Landing Site Selection for Mars Exploration Rovers
Can a decision-support system assist the process of selecting landing sites on Mars and other destinations?
Selecting an extraterrestrial landing site is an extremely complex process that balances how scientifically interesting a location is with how conducive it is to safe landing and surface operation. The science value of candidate sites is assessed by scientists from a wide spectrum of disciplines, including geologists, climatologists, exobiologists, chemists, and physicists. Their recommendations must be integrated and evaluated against the mission's engineering constraints.
The places most appealing to scientists (the side of a cliff, for example, on which the planet's history is recorded in layers of sedimentary rock) are often the most frightening to engineers charged with the robot's safety. And conversely, the benign areas that delight engineers (such as a large, flat plain devoid of large, pointy rocks and chasms) tend to trigger yawns in their scientist colleagues. The best overall choices reflect compromise between the two competing interests.
In the case of the Mars Exploration Rovers, Spirit and Opportunity, this involved a two-year process in which teams of scientists and engineers debated the relative merits and pitfalls of the many possible targets before the mission science team reached a final decision.
We are in the process of designing an automated system to help decision-makers make well-informed choices in a much shorter amount of time, and possibly with a wider range of options to consider. Our approach involves quantifying the characteristics of an extraterrestrial landscape and producing a map of the most promising high-value, low-risk destinations. In this case study, we used available information about Mars, and sought to produce results similar to those of the team that actually determined where Spirit and Opportunity would go.
This study is part of a larger work in progress, which seeks to optimize the return on investment of conducting science on the surface of Mars (or any extraterrestrial target). Our overall approach (as further detailed in Methodology) is to derive all components of a mission from the top-level science goals, to quantify and manage risk, and to develop analytic tools to help decision-makers.
Unexpectedly, the most difficult part of this task turned out to be compiling and coordinating the data that have been produced over the years by Mars orbiters and surface explorers. Nevertheless, we did manage to gather a considerable amount of information from various instruments aboard the Viking landers, Pathfinder, Mars Global Surveyor, and Odyssey.
The above chart illustrates the engineering and environmental constraints we used to determine the safety of a potential landing site, the objectives we employed to determine the desirability of landing sites from a scientific perspective, and the sources of our data.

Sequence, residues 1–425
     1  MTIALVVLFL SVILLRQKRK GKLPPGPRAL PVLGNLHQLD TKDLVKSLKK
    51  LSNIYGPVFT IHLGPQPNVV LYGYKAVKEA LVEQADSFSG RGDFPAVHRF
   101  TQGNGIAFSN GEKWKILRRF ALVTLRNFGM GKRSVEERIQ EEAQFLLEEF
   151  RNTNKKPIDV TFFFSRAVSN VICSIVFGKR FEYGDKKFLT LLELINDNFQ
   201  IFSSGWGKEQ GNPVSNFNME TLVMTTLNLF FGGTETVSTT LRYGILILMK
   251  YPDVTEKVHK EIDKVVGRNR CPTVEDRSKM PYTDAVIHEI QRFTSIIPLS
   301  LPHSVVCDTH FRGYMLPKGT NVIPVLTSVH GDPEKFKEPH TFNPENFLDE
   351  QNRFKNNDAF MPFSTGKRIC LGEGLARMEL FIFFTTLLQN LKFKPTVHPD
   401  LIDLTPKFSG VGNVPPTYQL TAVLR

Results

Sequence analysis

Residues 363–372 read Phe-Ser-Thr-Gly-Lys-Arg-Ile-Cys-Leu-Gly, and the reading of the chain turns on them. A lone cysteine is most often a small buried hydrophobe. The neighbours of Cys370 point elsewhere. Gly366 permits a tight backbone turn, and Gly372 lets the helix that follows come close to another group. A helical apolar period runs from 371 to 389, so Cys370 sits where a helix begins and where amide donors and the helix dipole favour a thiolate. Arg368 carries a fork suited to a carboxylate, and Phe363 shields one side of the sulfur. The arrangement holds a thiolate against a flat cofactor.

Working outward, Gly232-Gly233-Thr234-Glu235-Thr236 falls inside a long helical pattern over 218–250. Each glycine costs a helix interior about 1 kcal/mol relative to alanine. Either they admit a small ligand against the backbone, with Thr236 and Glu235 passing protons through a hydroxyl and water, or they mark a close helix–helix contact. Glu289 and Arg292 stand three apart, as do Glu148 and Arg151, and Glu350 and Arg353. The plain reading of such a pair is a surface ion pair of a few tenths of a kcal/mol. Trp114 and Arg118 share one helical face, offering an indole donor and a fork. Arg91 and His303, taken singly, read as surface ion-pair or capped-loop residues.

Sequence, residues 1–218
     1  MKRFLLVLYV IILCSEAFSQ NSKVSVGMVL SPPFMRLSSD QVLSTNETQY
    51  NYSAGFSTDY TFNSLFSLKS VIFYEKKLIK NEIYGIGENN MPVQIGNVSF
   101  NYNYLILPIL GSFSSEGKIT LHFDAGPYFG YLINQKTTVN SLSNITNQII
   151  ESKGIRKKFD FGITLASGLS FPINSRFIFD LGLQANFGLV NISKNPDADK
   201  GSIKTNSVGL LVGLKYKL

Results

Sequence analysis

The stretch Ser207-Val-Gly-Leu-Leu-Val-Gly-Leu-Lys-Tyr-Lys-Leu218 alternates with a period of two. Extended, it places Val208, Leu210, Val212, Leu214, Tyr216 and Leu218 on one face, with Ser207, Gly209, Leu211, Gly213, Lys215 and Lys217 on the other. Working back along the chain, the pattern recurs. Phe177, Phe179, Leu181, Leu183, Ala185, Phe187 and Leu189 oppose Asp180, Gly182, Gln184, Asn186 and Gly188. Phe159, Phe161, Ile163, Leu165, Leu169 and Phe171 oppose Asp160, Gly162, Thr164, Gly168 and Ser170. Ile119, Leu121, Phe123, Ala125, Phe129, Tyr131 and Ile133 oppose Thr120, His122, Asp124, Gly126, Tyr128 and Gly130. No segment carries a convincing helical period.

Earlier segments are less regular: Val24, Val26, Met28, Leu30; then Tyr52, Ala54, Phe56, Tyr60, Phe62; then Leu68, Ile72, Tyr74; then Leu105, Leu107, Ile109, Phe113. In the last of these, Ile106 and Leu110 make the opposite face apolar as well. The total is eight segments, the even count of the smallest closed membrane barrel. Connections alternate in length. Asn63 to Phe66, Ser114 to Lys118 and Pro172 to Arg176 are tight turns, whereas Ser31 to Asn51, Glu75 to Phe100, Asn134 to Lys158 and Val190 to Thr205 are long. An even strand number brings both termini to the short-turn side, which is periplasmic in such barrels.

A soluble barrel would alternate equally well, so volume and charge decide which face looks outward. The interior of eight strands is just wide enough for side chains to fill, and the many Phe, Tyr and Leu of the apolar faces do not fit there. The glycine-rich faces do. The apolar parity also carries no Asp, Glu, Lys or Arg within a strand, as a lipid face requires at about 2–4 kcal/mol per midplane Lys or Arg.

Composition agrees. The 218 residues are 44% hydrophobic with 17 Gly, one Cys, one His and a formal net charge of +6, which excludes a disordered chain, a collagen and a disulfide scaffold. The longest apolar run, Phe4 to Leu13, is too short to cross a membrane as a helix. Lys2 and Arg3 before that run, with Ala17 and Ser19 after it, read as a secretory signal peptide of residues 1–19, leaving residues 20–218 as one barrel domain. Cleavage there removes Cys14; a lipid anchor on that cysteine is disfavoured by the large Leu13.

These maps illustrate three sets of data regarding the Martian surface. (We are currently gathering additional information to improve the process). Note that each is a map of the entire Martian surface, with the poles at top and bottom, and the equator stretching across the middle.
The first map shows the planet in visible light. The second is a digital elevation map. The third illustrates gamma ray spectrometer readings that indicate the presence of hydrogen, a marker for water and water ice. Locating areas of past or present water is a prime objective of NASA's Mars Exploration Program, on the premise that they are the most likely places to find evidence of past or present life.
Here we see evaluations of the relative landing risk and science value of areas across the Martian surface. The first image shows that there is enough sunlight for solar panels only in a band near the equator. In the second image, red indicates highlands, which are undesirable for landing because there isn't enough atmosphere above them to enable a parachute to reduce the lander's speed sufficiently. In the third image, bright green indicates locations with a good probability of water near the surface. The fourth image shows the expected utility of the various locations, computed from the information contained in the first three. Here, red indicates undesirable locations (either because of landing risk, absence of sufficient sunlight, or low probability of finding water), green indicates moderately good locations, and yellow indicates the best locations.
In this image, the top 5% of locations with high science value and relatively low risk are highlighted in yellow. The best of these locations are shown in green.
To see how our results contrast with those of the real MER panel, compare this image with the one below:
On this Martian map, rectangles indicate an early set of candidate sites selected for further analysis by the team that actually determined where Spirit and Opportunity would land. We see that there is considerable overlap between their selections and ours, but that our map also highlights a cluster of locations at left which was not selected on the MER team's map. We intend to interview some of these scientists and engineers to learn whether they considered and rejected that cluster (and if so, why), or whether it might have been useful to them if these areas could have been called to their attention. This review process will help us to refine our automated selection process, to make it as useful a tool as possible for the people who ultimately must decide where to send our explorers, both robotic and human.